Guy Laurence is chief executive officer of Rogers Communications Inc.
Every country has its moment. In my humble view, it’s Canada’s moment.
The world is full of uncertainty – Brexit, terrorism, large movements of displaced people, and even the Zika virus. Contrast that with Canada: Things are not perfect, but there is a lot to applaud. There is peace at every border, enviable health and education systems, a real commitment to diversity and inclusion, a relatively stable economy.
Canada has always been respected and admired, but not quite like it is today. Among all the chaos outside its borders, Canada stands out.
However, allow me to be the vocal outsider. I believe Canada is not maximizing its opportunity on the world stage. First, its brand is not well defined in the world. In my experience, it is defined by what it is not, and that’s the United States. Second, Canada should be more ambitious about promoting itself and reaping the benefits that come with that.
I was in Britain the last time it had an opportunity to rebrand itself. We had a fresh, new Labour government led by Tony Blair. London was reasserting itself as a global financial centre. More importantly, there was a British cultural renaissance.
The government harnessed the opportunity with Cool Britannia, a campaign representing stars such as the Spice Girls, Oasis, Alexander McQueen and Kate Moss. They wrapped themselves in the Union Jack (some literally), but it wasn’t just about waving the flag – it was about creating a brand under which all things cool and British could live.
I see the same opportunity for Canada. This isn’t about tourism or waving the flag, it’s about building a brand.
Like 1990s Britain, Canada has become a cultural powerhouse: claiming the most streamed music album of 2015; dominating four of the top 10 spots on Spotify’s global playlist this summer; bringing the world Lilly Singh, one of the top 10 YouTube stars in the world, plus some of the most coveted stars in Hollywood; building thriving film production hubs in Toronto and Vancouver, a red-hot gaming industry and media companies like Vice, and winning multiple literary awards.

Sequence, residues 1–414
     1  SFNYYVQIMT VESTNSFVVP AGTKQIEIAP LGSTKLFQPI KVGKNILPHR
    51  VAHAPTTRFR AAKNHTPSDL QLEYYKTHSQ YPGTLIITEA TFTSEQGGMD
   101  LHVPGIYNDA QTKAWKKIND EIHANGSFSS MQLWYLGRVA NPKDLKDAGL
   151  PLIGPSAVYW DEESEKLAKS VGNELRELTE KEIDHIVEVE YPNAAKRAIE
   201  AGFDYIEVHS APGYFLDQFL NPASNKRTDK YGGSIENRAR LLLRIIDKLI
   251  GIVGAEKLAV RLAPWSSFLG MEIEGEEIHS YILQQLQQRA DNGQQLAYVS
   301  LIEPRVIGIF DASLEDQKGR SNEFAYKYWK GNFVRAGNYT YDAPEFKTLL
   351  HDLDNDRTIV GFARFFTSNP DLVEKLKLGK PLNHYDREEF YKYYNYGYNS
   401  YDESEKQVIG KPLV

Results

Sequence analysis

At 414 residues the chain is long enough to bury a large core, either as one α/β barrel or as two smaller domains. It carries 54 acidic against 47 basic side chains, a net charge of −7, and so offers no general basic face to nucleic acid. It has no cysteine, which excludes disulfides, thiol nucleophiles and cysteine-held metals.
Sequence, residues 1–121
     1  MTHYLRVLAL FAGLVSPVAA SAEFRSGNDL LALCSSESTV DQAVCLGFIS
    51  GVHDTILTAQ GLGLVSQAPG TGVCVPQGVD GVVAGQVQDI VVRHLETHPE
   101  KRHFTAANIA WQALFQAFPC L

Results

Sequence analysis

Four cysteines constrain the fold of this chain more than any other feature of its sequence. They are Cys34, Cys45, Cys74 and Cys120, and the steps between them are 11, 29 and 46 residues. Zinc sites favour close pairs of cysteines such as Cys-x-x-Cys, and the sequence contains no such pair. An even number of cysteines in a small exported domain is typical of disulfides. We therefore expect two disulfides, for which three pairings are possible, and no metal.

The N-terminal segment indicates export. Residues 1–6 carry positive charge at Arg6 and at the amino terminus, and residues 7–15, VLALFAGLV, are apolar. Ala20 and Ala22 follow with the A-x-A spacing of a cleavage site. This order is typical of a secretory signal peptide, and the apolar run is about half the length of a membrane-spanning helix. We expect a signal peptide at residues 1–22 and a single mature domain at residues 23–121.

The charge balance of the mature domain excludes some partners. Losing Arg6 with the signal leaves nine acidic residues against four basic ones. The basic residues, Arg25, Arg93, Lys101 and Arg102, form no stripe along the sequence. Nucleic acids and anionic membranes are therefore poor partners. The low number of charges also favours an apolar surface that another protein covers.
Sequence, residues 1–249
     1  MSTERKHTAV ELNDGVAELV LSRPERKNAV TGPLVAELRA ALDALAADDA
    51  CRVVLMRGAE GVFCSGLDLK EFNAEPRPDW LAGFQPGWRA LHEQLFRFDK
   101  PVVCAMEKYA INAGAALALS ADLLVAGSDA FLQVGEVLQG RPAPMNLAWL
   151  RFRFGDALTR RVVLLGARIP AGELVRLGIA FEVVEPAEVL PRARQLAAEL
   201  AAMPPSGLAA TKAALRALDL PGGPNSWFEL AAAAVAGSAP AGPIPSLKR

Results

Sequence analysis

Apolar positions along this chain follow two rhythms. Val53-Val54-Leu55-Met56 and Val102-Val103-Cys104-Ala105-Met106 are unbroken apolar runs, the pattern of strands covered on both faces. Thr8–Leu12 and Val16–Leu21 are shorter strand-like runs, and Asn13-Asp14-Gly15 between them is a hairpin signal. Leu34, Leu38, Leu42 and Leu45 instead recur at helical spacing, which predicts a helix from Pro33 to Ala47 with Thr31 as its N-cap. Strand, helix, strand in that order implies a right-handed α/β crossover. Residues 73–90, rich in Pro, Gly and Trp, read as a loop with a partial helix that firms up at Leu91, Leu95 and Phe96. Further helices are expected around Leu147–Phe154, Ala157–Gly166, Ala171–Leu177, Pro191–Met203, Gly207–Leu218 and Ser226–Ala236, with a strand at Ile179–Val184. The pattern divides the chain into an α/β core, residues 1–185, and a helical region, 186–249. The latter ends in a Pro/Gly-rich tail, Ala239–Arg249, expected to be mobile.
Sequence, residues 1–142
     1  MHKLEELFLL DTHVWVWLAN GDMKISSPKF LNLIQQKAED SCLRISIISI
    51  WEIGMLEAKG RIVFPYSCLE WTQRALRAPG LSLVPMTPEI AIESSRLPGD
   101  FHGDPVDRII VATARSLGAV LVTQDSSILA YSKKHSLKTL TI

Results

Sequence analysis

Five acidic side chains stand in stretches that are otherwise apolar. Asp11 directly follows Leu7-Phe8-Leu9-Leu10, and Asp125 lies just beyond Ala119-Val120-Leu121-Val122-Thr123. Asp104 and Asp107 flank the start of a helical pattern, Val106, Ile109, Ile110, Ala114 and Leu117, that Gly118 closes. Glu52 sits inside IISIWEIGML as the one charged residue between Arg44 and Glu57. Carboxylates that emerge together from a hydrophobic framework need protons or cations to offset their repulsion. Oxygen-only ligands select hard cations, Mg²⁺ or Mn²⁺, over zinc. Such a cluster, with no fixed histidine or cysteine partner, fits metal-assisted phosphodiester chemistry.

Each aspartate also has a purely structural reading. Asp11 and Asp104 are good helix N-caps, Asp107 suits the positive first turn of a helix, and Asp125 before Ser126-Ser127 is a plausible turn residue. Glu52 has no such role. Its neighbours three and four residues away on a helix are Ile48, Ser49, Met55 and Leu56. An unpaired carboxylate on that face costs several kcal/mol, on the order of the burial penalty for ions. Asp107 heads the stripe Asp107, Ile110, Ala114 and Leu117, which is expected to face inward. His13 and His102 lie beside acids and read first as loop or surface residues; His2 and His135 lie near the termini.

The Organization for Economic Co-operation and Development recently released data ranking countries by the value of their cultural production. On a per capita basis, Canada ranks fourth, virtually tied with third-place Germany and not far behind second-place Britain. Given its population, Canada is clearly punching above its weight. So it’s time for Canada to embrace this and capitalize on it.
A strong brand can do as much for a country as it can for a company. Yet Canada is missing out on selling its cultural products to the global market. According to United Nations trade statistics, Britain exports $21-billion (U.S.) worth of cultural goods each year. Canada exports just under $2-billion. That’s 21 to 2, with a British population just two times larger than Canada’s.
Historically, Canada’s cultural policy has focused on telling Canadian stories to Canadians. This made sense 25 years ago, when Canada was in the early stages of its cultural development. But it’s 2016 and we live in a global content market. There are more than one billion content creators in the world. It’s time for Canada to stop playing defence and start playing offence.
The new government sees this opportunity. Heritage Minister Mélanie Joly has shared a vision for Canada’s cultural policy that includes promoting Canadian content globally, and it’s clear Prime Minister Justin Trudeau is determined to raise Canada’s profile. They recognize the value of a strong Canadian brand, the role of culture in it and the payback for the country and the economy.
At my company, Rogers, we can amplify this brand through the $580-million (Canadian) worth of Canadian content we create and fund – and use it to open up new opportunities with international distribution channels.
We believe the government should support a funding model that creates incentives to export Canadian content globally. There is enough money in the system and the last thing we need is more rules and bureaucracy. Content should be funded on a platform neutral basis, meaning it could be destined for a television screen, a movie screen or a smartphone screen. Consumers are going digital, and Canada needs to go digital.
Canada should cultivate a creative identity that the cultural sector, government and diplomats can sell. There’s a huge opportunity for the government, and the Prime Minister, to leverage their fresh appeal and launch a clear brand for Canada.
When Canadian content gets out there, the world laps it up. It wants more Canada. We can, and should, take advantage of this moment – it truly is Canada’s time.Report Typo/Error
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